This is post 9 in my series on how to learn the Spotfire expression language. It explains the Parent and ParallelPeriod node navigation methods. Originally, I included NavigatePeriod, but NavigatePeriod deserves its own post, so it will follow next week. Read on to learn about Parent and ParallelPeriod node navigation methods.
This is post 8 in my series on learning the Spotfire expression language. We are in the middle of exploring all of the node navigation methods. This post will cover FirstNode, LastNode, LastPeriods, PreviousPeriod and NextPeriod. I’m combining these particular methods in order to differentiate between Node, Period, and Periods. Read on to learn the difference.
This is post 7 in my series on how to learn the Spotfire expression language. In my node navigation post, I explained what a node is, what node navigation is used for, and provided examples. But, I didn’t provide explanations or examples for each method. Now, I will fill that gap by explaining the details of All, Next, Previous, AllNext & AllPrevious. Others to follow.
At the end of last week’s post, I promised to continue with examples of all node navigation methods. But, I have decided to wrap up keywords first. Thus, this week’s post will explain how to use the “Then” keyword. Then is incredibly useful in Spotfire because it allows you to specify the order of calculations in an expression. In other words, “calculate this and THEN calculate that”. However, there are a few places you can get tripped up. Read on to learn more.
This is post 5 in my series on learning the Spotfire expression language. It will build on the content of the last few weeks and provide a comprehensive understanding of how over, intersect, and node navigation work together. The intersect keyword is the last piece of the puzzle. Read on to learn how it fits in.
This is the fourth post in my series on learning the Spotfire expression language. Last week, I talked about the over keyword and how it is used to group values in calculations. The next step in the learning process is using node navigation. Once this is second nature, you will be able to create any calculation desired. This week’s post focuses on understanding what node navigation is for and what a node is. Next week, I’ll add complexity and depth to the expressions. Read on to learn more.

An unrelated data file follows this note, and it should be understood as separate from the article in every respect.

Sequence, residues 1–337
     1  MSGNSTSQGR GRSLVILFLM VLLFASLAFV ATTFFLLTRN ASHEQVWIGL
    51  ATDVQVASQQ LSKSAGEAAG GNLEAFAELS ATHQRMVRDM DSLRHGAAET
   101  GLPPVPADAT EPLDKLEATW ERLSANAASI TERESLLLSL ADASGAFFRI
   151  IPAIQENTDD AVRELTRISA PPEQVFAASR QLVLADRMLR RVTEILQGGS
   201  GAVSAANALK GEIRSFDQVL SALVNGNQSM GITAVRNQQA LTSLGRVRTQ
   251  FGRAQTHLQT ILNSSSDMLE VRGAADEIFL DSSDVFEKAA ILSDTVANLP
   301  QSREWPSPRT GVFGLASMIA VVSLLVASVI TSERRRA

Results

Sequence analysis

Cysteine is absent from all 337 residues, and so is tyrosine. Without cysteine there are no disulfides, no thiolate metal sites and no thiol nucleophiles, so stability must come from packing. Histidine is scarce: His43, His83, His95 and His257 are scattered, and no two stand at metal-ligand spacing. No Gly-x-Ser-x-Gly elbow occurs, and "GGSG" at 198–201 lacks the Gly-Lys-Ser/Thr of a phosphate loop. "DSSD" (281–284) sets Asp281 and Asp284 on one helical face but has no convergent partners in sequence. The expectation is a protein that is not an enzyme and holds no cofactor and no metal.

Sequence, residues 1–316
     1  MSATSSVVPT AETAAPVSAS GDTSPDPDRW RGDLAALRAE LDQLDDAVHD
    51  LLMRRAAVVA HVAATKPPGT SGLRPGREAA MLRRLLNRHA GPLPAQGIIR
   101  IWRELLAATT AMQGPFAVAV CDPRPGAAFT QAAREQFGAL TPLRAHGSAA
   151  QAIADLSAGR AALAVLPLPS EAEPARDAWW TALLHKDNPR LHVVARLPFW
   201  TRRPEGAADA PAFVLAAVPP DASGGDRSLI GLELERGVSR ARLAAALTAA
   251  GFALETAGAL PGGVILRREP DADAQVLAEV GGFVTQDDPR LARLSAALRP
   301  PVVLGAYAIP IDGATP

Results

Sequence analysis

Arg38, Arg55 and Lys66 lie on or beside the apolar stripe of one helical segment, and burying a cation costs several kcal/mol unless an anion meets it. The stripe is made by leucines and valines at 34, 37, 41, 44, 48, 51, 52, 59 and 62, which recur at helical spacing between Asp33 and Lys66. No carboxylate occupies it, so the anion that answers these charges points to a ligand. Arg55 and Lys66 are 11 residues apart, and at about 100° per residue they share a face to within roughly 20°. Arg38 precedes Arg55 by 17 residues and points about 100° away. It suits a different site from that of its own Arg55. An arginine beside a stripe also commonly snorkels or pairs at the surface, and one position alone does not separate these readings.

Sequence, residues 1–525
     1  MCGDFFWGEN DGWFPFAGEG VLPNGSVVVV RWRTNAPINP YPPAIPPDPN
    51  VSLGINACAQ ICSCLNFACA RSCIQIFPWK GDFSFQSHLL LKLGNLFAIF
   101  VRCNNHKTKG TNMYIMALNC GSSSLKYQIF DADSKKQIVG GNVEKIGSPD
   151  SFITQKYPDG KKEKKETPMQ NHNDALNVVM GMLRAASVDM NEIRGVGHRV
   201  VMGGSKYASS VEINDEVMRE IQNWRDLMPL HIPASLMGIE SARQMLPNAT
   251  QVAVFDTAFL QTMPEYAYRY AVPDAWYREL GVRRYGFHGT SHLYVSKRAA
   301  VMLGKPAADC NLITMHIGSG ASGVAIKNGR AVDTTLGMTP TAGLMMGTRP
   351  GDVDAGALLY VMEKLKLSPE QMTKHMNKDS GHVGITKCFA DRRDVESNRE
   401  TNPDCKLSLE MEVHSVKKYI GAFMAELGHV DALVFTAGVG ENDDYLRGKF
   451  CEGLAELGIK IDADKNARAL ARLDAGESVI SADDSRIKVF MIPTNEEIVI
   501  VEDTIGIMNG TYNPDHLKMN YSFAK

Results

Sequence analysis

Last week, I kicked off a series on learning how to use the Spotfire expression language. The first post explained the 2 different ways to create calculations in Spotfire. This week, I’m going to talk about the over keyword and how to use it. Without the over keyword, it’s impossible to really get into the Spotfire expression language. Read on to learn more.
I recently kicked off a series on learning how to use the Spotfire expression language. The first post explained different ways to create calculations in Spotfire. Next week, I’ll release a post on how to use the over keyword. Axis names are a more advanced topic, which technically puts it a bit “out of order”. But, axis names are what inspired me to write the series, and I know that if I don’t write about something when I am working it, I often never get to it. Thus, I am going to show you how to use axis names in Spotfire cross tables.
Since launching the Analytics Corner, I’ve focused heavily on IronPython with a dash of Alteryx. I’ve started working more with Axis Names recently, which was a reminder of how nonintuitive they are. Because I haven’t written much on Spotfire expressions since starting the Analytics Corner, I’m going to do a comprehensive series on how to learn the Spotfire expression language, which will include a good section on Axis Names.
Today’s first post will be a short summary of the different ways to write expressions in Spotfire. Next week, I’ll talk about the over keyword. Then, I’ll cover node navigation, which might take more than one post. I will also show you how to use important functions like $esc and $map. Finally, I’ll close out with a few posts on Axis Names. Read on to get started.